Review: Smith & Wesson M&P 2.0 .45 ACP

Smith & Wesson’s polymer frame Military and Police pistol has become a top choice among many shooters. It is difficult to mention polymer without a few words on the Glock. The Glock is a baseline for service use. It is reliable – it always works, in as much as anything always works. If you pay less then quite probably corners have been cut. If you pay more than the Glock costs then be certain you are getting something extra.

The Military & Police handfit, feel, and balance appeal to me. I prefer the trigger action. While I own two Military & Police 9mm pistols, I am a fan of the .45 ACP. I have a ton of brass and bullets – more or less- and enjoy firing the big cartridge. I have a great deal of faith in the .45, at least as much as any reliable handgun caliber. The Glock 21 and high capacity 1911 handguns are too large for my hand. The S&W M&P 2.0 .45 is ideal. This M&P .45 holds ten rounds in the magazine and an extended magazine holds fourteen. I don’t mind giving up a few cartridges for greatly increased handfit and firing comfort. 

The M&P .45 is a polymer frame striker fired double action only pistol. The striker is prepped but not the completely cocked when the slide is racked. Trigger action pulls the striker back the rest of the way and fires the pistol. Just like that ‘other’ pistol. The trigger has a clean break at 6.0 pounds according to the RCBS registering trigger pull gauge. The pistol features a steel chassis imbedded in the polymer frame. The slide is stainless steel coated in Melonite. This adds up to great corrosion resistance and low wear. The cocking serrations are well designed, offering plenty of leverage. The sights are top notch combat style sights. The complete package is attractive. The pistol has the usual frame inserts to adjust hand fit. The pistol is supplied with two ten round  magazines. In common with most polymer frame handguns the M&P .45 features a rail for mounting combat light. 

The question is; how well does the pistol handle and perform?

This question has several layers. I have carried the 1911 for many years, so am I giving anything up?

Not much at all – and gaining some important attributes. If you compare the 9mm S&W to the Glock 9mm, there is plenty of room for choice in either direction. But with handfit considered, the S&W .45 wins hands down in my opinion.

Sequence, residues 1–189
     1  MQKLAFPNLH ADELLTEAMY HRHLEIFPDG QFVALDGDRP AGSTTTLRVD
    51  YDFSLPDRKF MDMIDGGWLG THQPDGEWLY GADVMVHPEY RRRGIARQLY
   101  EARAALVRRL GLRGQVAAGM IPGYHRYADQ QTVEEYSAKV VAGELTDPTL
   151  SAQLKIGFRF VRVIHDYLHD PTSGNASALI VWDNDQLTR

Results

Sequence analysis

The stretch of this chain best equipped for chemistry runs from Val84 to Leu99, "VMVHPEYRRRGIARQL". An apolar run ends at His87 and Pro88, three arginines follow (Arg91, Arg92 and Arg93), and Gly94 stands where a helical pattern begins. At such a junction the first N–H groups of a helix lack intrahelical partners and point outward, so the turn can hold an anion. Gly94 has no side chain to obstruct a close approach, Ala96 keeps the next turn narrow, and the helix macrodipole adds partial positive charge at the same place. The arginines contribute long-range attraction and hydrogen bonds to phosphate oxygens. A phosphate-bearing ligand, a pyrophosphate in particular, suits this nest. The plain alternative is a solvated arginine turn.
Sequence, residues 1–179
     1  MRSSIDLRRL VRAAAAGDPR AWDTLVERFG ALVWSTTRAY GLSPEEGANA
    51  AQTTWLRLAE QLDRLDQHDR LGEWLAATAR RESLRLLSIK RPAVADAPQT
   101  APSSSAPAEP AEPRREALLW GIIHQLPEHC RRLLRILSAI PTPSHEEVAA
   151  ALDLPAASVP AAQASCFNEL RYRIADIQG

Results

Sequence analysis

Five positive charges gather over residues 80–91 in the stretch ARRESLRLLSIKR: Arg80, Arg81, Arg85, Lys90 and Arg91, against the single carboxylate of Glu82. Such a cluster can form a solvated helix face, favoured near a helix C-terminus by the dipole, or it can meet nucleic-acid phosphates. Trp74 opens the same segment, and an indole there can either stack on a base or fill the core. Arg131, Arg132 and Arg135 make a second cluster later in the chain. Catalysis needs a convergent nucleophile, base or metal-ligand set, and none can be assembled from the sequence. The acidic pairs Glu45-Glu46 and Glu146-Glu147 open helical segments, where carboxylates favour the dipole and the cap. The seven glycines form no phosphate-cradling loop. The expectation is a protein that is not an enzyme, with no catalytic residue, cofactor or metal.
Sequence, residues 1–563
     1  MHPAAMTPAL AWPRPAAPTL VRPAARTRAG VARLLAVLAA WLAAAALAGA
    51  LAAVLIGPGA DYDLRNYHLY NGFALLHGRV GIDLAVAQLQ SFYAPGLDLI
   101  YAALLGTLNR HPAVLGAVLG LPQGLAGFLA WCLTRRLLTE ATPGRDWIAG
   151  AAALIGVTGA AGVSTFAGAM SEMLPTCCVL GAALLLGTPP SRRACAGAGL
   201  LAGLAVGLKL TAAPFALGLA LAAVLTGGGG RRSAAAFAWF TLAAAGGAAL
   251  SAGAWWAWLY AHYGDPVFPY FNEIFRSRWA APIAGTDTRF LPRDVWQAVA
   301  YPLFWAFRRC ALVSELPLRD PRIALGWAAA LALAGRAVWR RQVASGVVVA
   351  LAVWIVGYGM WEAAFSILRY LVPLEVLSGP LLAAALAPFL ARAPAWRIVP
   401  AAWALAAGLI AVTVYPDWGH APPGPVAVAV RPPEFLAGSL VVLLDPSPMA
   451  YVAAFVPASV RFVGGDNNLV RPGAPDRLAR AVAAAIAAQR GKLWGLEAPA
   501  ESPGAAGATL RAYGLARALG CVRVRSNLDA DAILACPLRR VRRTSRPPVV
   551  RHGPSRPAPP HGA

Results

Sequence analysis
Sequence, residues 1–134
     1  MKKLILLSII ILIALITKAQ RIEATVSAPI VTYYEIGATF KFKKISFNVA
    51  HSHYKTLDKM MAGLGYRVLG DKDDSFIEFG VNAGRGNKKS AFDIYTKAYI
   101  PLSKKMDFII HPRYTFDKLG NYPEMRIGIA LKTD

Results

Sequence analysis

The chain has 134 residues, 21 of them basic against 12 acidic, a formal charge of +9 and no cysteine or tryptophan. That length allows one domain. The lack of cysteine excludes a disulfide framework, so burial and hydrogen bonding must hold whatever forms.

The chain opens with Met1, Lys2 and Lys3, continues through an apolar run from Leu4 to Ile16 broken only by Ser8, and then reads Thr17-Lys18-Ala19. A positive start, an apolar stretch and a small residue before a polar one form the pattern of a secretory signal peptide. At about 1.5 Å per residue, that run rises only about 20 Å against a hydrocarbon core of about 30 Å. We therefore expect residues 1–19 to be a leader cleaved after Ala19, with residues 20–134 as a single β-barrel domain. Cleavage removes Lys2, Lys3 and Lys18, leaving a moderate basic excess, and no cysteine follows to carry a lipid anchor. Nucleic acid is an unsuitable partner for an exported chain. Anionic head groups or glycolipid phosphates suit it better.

Just an option and I am glad we have many to choose from. I have fired the pistol extensively and consider it one of my most important personal defense firearms. At night I snap the Inforce combat light in place and the S&W M&P 2.0 .45 becomes my home defense firearm. Sure I have a long gun handy but nothing is quite as fast into action as a handgun at home ready just beside the mattress.  

Firing the Smith & Wesson Military & Police .45 is a revelation. It handles quickly and the grip design helps get on target fast with a good natural point. The term natural point and polymer frame are seldom found in the same report. This handgun is an exception. Get on target, press the trigger, and you have a hit. Recoil is subjective. The pistol kicks less than a 1911 in the M&P’s weight class. It isn’t quite as docile as a Government Model with a 40 ounce frame. It is comfortable to fire and shot to shot recovery is good. I don’t stress any of my .45s with +P loads, there is no point. The Hornady 200 grain XTP is the preferred carry load. This is an accurate loading with an excellent balance of expansion and penetration. The pistol is easily as accurate as any polymer frame striker fired pistol and more so than most. It is also more accurate than the run of the mill 1911. This means it will be more accurate than my Kimber Pro Carry but not as accurate the Wilson Combat CQB. That is good territory to occupy. 

I usually carry the big Smith in a DeSantis Speed Scabbard. This holster features a thumbreak. After years of institutional service I am familiar with fast operation of the thumbreak. It may slow me down a tenth of a second. But then the Speed Scabbard has enough retention to simply leave the snap un done during mundane travel.

I obtained this holster when doing a project on higher retention versus open top holsters and tested quite a few. The DeSantis is among the few thumb break holsters I kept! Since I carry this pistol when hiking and just spelunking this is a good option in the likely event I trip or encounter heavy brush. The .45 ACP is fine for feral dogs, the big cats and the bears in my humble neck of the woods. Bears are unlikely, so are the others, and the statistics favor a quiet walk while the possibilities are endless. The Smith & Wesson Military & Police .45 has taken the place of two lightweight 1911 pistols, a Government Model 1911, and some revolvers. That is quite an accomplishment in the safe of someone many would consider old school. But old school works. This big Smith is reliable, accurate, and hits hard. It may be carried daily without dragging the hip down. 

This pistol should be on the short list of anyone wishing to own a .45 caliber handgun.